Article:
I used to be creative director on the Blue Cross account. We did some very nice advertising for Blue Cross. We even won some Clios (no thanks to me, I had great people working for me) -- back when Clios were worth something.
The primary objective of the advertising was simple -- to get people to apply for a Blue Cross policy.
The way we did it was to put 800 numbers in our TV spots and coupons in our print ads. We were clear why we put these response mechanisms into the ads -- because they were supposed to elicit a response.
We had an exceedingly stupid client. He insisted on evaluating our performance based on how many policies he sold. On several occasions I tried to explain to him that advertising could not sell his policies.
All advertising could do was to get people to either send in the coupon or dial the 800 number. Once they did that, it was out of our hands.
I tried to make it clear to this genius that the only logical way to evaluate our advertising was on how many coupons or phone calls it generated. That was advertising's job. The advertising couldn't answer the phone, talk to the customers, or write an attractive policy. That was his job.
Of course, being an imbecile, he never understood this and if he is still alive and sober somewhere I'm sure he still doesn't.
This is why the people who are trying to convince us that clicks don't matter are so wrong.
The only realistic expectation for display advertising is to generate clicks.
The argument that display ads should be evaluated on sales is wrong. The ad usually can't make a sale, it can only link us to someplace where a sale can be made.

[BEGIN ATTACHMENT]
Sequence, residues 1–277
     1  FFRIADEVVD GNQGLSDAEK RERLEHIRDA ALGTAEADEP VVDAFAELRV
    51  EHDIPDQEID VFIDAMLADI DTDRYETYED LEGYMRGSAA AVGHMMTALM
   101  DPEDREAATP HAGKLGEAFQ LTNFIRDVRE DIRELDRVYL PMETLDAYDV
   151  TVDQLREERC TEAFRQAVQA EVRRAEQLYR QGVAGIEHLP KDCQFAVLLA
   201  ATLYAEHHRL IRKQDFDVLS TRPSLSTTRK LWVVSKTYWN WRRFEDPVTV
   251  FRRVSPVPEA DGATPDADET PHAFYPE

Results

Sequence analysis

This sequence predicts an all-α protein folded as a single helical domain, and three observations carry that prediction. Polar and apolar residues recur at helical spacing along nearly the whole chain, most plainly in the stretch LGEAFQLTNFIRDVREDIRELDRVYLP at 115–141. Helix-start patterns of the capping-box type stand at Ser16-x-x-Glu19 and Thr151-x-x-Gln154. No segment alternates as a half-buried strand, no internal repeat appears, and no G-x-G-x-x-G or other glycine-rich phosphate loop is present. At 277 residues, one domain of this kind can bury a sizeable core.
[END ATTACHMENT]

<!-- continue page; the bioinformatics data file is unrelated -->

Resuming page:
The argument that a display ad should be evaluated as a "branding" mechanism is also unsound. Display ads have very little value as brand builders. They are largely invisible. They are no more effective as "branding" vehicles than any other small-space ads. To my knowledge there is no major brand of anything that has ever been built on display advertising.
The argument that display ads are an effective way to create awareness is similarly erroneous. In general, online advertising has proven to be extremely poor at generating awareness. Or, as one web usability guru says, web users "... almost never look at anything that looks like an advertisement."
The only realistic, worthwhile expectation for a display ad is that it will generate clicks.
Web gurus have their logic all backward. If, as they tell us, people who click are no more likely to buy than people who don't, it doesn't mean the click is worthless. It means where the click lands is.